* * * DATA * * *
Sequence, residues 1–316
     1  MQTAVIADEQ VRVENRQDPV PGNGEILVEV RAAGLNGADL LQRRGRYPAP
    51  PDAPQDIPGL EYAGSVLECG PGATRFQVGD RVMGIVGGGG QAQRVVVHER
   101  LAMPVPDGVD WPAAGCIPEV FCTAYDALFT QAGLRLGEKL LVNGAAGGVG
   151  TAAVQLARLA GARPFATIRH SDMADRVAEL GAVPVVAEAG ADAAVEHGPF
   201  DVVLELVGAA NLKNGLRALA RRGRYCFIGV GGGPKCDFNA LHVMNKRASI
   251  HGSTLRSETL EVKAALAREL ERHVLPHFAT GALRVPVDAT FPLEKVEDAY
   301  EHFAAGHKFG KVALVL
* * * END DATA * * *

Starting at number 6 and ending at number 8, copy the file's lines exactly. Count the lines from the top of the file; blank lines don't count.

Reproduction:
   201  DVVLELVGAA NLKNGLRALA RRGRYCFIGV GGGPKCDFNA LHVMNKRASI
   251  HGSTLRSETL EVKAALAREL ERHVLPHFAT GALRVPVDAT FPLEKVEDAY
   301  EHFAAGHKFG KVALVL